I began preparing physically and mentally. I started my 45 minute workout the next day with a regimen I followed faithfully for the next 12 weeks. I performed a variety of squats and exercises to strengthen my legs and improve my cardio, finishing with 30 minutes on the elliptical. I called everyone I could think of who hunted in that unit or knew anything about the access points that might get me into sheep country. I also thought about the marginal snow pack we had in the mountains due to a dry winter and knew wildfires might hamper access to an area that is vulnerable to fire almost every year.
Having never spent any time in this part of the state, I needed to do some summer scout trips to get a feel for the hiking terrain and also to get legged up in preparation for the hunt. Most of the unit was only accessible by boat, but one road led to a couple of pretty good drainages where sheep had been harvested. I soon found out that one of the limiting factors in the Salmon River country is drinking water. I went on an overnight backpack trip in July and took my shorthair pointer along for company. Big mistake, as there were no creeks or springs for him to water in, and by the time we came out on the second day and after a great deal of rationing, we had drunk every drop of water I had packed.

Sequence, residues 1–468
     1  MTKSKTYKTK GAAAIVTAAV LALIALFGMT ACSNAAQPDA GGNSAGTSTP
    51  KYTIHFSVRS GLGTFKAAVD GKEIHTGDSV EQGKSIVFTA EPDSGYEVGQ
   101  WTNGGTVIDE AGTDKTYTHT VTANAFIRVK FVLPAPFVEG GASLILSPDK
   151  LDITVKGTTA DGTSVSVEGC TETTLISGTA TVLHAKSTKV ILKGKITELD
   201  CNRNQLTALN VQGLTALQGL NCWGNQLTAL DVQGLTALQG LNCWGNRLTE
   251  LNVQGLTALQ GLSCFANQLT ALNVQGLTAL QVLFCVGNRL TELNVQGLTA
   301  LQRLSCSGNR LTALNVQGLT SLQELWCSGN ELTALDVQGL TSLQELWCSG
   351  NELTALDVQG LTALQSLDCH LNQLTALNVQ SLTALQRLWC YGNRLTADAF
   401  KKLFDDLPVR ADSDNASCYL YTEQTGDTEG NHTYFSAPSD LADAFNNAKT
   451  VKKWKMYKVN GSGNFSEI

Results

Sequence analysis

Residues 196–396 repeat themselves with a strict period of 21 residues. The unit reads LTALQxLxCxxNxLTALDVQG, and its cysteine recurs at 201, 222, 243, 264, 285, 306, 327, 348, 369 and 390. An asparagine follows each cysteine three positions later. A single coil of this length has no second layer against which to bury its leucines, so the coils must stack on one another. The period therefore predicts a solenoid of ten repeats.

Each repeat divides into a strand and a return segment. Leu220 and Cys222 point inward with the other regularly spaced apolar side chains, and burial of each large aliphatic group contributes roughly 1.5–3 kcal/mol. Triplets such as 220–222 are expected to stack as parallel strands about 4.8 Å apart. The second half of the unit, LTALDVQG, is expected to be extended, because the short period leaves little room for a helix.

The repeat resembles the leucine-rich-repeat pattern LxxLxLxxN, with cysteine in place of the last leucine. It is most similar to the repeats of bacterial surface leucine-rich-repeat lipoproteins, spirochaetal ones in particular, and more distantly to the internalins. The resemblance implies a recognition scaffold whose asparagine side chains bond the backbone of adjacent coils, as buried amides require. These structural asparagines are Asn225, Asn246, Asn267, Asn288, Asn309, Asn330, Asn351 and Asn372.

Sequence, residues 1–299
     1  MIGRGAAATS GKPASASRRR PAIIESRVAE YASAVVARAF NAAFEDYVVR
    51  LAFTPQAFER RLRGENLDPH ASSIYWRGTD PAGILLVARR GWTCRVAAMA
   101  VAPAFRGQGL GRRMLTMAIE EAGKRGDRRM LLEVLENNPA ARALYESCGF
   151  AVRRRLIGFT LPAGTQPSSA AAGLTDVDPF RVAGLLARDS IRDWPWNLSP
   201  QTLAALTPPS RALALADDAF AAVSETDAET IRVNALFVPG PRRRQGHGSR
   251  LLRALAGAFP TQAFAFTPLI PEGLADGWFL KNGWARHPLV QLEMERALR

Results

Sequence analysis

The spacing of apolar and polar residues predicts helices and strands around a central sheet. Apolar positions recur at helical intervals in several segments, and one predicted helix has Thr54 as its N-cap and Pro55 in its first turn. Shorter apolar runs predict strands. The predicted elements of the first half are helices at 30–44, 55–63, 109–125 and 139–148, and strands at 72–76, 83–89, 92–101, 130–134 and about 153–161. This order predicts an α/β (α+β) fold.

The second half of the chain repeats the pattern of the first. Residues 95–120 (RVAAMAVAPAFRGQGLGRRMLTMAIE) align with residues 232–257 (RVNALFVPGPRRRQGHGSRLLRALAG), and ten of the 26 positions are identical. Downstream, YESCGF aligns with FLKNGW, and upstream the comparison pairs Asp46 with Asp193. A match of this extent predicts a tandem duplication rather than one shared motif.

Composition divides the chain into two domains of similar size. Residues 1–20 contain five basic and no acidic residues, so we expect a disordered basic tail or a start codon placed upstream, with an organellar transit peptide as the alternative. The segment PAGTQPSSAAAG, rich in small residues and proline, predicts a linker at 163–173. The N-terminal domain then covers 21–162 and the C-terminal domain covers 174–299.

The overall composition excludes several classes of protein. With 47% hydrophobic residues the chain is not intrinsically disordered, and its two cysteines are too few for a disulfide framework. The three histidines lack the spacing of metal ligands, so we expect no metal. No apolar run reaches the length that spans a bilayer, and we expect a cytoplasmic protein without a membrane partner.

To my dismay, fires cropped up early last summer and one weekend scouting trip had to be cancelled due to road closures. Those early trips were not turning up any rams either. I saw ewes and young rams, which I will never get tired of seeing, but where were the old twisters I had seen in the movies? I made numerous calls to the area Fish and Game offices and conservation officers to voice my concerns about sheep tag holders being denied access and discuss the possibility of being granted an extension. They responded matter-of-factly with advice to be patient, continue scouting, and wait for the older rams to show up. I learned a great deal about sheep behavior and the history of this magnificent country through these early scouting trips, which will always be as much a part of this adventure as the hunt itself.